Thomas Jaenisch, an epidemiologist and clinical researcher at CU-Anschutz, said he wasn't surprised the COVID-19 vaccines need a booster; he pointed to other inoculations, like those against various types of hepatitis, and said follow-up jabs are typical.

But it's still unclear, he said, if the additional doses will confer long-term immunity or if annual or semi-regular boosters will be needed going forward.

"From here on, it’s uncharted territory," he said.

Among the limited populations that are currently approved to receive boosters, Colorado has prioritized long-term care residents in particular. The state is requiring those facilities to complete all booster clinics by Oct. 25. Speaking at a press conference earlier this week, Gov. Jared Polis said that 18.3% of Colorado's 65-and-older population has already received a third dose and that 80% of clinics in long-term care settings have completed or scheduled their clinics. 

Vaccination rates among those residents have long been high. They were among the first to be eligible to receive doses at the beginning of 2021, when the supply of vaccines was far more limited than it is now. Polis presented data indicating that 93.5% of residents have been fully vaccinated. 

There's been less uptake among the staff serving those residents. Though it's improved from the spring, when it was in the 60% range, the workers' rate still stands 10 points below their charges.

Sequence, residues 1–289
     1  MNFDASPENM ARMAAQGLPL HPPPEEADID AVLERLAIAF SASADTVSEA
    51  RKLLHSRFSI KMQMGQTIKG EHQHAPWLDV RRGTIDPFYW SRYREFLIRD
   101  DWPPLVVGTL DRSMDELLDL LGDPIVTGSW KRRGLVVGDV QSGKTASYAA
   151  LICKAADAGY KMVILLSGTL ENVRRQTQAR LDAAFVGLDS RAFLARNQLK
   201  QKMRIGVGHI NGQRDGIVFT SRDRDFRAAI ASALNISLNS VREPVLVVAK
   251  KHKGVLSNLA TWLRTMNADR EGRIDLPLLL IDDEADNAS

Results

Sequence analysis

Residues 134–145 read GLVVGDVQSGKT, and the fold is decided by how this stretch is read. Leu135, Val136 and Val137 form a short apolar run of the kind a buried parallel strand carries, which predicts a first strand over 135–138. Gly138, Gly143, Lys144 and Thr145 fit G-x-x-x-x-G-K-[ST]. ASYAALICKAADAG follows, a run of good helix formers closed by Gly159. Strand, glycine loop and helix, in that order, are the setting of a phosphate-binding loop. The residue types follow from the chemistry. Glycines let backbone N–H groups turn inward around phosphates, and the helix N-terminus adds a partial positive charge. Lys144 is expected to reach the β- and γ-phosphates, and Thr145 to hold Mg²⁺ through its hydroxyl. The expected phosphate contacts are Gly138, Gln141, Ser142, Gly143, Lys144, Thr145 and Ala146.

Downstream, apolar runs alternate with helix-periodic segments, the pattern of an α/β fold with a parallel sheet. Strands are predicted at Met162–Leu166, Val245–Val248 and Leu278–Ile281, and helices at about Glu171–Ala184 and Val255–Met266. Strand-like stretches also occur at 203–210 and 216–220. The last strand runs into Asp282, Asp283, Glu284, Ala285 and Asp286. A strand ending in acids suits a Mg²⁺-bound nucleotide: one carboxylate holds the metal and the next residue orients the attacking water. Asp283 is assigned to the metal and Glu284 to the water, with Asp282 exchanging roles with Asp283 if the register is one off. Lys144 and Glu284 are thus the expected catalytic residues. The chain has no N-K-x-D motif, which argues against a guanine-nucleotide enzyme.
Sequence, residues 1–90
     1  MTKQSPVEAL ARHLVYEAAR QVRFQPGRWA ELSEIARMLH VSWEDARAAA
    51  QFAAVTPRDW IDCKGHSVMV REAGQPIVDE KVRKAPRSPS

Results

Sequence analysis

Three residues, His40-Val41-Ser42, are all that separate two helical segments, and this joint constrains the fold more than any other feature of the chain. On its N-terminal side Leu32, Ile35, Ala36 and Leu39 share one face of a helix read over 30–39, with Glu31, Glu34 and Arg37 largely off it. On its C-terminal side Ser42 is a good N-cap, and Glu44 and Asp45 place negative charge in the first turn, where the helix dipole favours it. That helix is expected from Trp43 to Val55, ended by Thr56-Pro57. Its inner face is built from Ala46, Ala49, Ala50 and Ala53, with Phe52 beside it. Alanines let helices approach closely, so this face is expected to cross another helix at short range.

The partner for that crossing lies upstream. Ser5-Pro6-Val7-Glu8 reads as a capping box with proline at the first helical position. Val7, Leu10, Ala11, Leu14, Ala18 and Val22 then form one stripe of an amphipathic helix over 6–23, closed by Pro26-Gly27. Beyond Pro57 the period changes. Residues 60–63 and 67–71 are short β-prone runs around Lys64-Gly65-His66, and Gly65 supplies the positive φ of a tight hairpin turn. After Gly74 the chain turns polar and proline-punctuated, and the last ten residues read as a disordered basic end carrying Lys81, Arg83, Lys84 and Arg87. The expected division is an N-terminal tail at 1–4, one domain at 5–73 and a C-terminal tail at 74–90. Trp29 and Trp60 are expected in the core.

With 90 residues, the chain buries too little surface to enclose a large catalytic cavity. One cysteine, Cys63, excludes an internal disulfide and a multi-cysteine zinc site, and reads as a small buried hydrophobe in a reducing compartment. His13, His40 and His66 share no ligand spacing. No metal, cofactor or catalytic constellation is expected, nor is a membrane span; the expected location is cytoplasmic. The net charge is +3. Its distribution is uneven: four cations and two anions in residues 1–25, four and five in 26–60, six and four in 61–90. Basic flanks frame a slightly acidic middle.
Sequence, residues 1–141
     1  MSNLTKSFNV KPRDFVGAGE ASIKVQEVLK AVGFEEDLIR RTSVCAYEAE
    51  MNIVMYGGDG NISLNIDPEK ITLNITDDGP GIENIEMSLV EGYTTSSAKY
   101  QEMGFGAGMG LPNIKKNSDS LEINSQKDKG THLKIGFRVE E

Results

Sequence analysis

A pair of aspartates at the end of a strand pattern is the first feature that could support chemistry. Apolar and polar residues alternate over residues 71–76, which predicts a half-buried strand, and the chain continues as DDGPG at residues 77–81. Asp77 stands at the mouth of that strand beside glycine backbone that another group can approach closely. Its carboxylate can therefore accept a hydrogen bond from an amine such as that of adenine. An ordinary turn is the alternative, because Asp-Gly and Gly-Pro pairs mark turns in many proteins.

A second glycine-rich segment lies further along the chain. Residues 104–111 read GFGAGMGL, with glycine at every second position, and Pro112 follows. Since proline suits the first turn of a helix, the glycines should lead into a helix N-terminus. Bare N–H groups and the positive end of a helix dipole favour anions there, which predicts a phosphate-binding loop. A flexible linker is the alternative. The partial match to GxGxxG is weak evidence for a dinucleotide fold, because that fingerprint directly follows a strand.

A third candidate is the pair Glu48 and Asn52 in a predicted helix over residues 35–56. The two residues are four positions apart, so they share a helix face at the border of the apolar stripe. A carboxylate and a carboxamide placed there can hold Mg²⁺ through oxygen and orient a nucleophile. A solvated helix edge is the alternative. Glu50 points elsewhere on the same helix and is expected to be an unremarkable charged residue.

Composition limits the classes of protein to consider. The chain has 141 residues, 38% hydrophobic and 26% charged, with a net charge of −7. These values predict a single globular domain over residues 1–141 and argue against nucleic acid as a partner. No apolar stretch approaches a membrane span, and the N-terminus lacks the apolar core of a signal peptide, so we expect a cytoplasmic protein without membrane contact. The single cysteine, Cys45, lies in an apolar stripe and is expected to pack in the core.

Data published weekly by the state Department of Public Health and Environment provides an insight into various vaccine dynamics at play within those facilities. As of Oct. 13, there were 1,127 cases in Colorado's nursing homes and assisted-living facilities. But almost exactly half of those cases were among staff, a marked shift from mid-November 2020. At that point, when the pandemic had peaked to unprecedented levels, there were 1,655 resident cases — and just 116 infections among staff. The number of outbreaks now is similar to the number in November, as well: There are 138 outbreaks now, compared to 112 nearly a year ago.

According to data released Nov. 18, 183 residents had died in the outbreaks active at that point. That translated to about nine resident cases per death. Now, the ratio is roughly 17 cases per death.

Doug Farmer, whose Colorado Health Care Association represents nursing homes, said long-term care facilities are generally in a good place right now. The booster rollout, though on a fast timetable, has been relatively smooth. 

"The number of outbreaks looks uh-oh," he said, "but the number of people — it's scarcely more than the number of outbreaks."